‘Crabs, People, Dogs’ (1981)

A series like the one he made at Lynemouth involved many months spent winning trust and confidence. Such relationships, once they had been won, were to be respected: when a passer-by once asked Killip why he was photographing a ‘dishevelled mess of a village’, a fight ensued. The place in question was Skinningrove, a North Yorkshire fishing village. Killip photographed young men tending to boats and crab pots, whiling away the hours as they waited for the tide, lying in the sun like seals. It’s the tail end of punk, and Leso, Bever and David look entirely of their time, with spiked hair and amateurish tattoos. Leso, who looks like a sea-weathered Paul Weller, is a nervy ringleader, holding court. Bever, only recently out of jail after a pub fight, has his own name tattooed on his neck. You track these lads between pictures, only to find out Leso and David have been drowned. Bever was washed ashore and survived. In what is surely Killip’s most affecting image, David’s young son Simon, in his neat blazer, is taken out to sea for the first time since his father’s death. Pale against the near-white sky and sea, Simon turns from the camera like a child in a sentimental Victorian painting.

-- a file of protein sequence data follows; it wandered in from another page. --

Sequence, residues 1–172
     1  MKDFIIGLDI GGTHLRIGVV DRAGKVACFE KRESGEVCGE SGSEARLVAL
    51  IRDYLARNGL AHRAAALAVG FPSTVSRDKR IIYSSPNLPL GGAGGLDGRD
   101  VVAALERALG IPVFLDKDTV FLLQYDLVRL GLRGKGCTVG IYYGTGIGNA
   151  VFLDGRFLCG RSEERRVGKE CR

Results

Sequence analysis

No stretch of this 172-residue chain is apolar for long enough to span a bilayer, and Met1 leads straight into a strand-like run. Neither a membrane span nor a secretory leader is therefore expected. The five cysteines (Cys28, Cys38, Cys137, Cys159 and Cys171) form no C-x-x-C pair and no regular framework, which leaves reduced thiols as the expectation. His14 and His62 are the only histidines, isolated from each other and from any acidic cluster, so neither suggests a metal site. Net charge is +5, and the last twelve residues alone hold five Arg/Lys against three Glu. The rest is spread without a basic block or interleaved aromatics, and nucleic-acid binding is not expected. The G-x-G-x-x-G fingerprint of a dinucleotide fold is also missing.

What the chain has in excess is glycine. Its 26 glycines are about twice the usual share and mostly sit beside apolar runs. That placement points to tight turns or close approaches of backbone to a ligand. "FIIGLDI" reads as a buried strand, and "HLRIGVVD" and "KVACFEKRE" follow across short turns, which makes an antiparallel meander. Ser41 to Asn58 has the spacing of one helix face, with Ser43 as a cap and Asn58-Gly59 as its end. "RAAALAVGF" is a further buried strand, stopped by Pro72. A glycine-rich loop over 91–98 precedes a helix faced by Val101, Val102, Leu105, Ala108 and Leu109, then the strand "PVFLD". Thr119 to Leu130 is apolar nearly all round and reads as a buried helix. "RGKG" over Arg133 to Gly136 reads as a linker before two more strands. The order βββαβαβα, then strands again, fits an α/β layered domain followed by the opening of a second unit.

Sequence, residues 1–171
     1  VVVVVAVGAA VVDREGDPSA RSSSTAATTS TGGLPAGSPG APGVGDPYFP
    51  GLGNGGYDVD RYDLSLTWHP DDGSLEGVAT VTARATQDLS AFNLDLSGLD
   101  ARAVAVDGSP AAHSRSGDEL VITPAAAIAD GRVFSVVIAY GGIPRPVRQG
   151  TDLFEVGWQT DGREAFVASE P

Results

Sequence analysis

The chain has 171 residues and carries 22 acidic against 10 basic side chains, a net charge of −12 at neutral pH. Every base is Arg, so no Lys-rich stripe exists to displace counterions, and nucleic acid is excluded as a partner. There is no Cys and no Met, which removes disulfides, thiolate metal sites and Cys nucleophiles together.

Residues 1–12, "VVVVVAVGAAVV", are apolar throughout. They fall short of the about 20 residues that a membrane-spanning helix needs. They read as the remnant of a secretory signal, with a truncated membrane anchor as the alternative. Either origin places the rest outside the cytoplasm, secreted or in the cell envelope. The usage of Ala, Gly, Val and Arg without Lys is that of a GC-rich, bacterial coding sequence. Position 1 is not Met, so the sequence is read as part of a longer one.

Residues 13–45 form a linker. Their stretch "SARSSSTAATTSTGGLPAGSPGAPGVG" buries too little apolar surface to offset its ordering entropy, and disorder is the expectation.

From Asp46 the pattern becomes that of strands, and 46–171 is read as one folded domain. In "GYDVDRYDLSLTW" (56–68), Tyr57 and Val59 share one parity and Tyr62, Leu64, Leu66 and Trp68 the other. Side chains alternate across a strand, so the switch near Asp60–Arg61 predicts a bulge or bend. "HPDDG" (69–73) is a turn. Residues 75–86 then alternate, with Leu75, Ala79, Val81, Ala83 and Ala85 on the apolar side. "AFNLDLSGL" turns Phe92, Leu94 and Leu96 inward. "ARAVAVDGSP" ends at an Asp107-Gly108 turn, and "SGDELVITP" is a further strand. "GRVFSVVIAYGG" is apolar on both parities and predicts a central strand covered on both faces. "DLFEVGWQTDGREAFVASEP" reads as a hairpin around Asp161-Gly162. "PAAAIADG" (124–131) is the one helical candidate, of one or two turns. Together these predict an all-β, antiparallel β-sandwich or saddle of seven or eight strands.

In some of the Skinningrove photographs, the locals are closely grouped, huddled against the scrappy immensity of the coast. But in other places the group, and with it the whole composition, expands, and begins to look more unsettled, tending also to the diagonal. Take Crabs, People, Dogs from 1981, with its rocks, concrete steps, slipway and sea, and a skinny dog at each side of the picture, looking out of frame. The crabs are piled up at bottom left in a little cart: two-wheeled and tilted, comical twin to the pram a little way to the right. Three people are visible (and presumably a fourth, the baby, unseen); all but one face away from the camera: a man in a pale Ford estate car at the upper right, who looks in our direction. He’s the only stable, slightly obscured element in a composition where everything else appears sliding and provisional.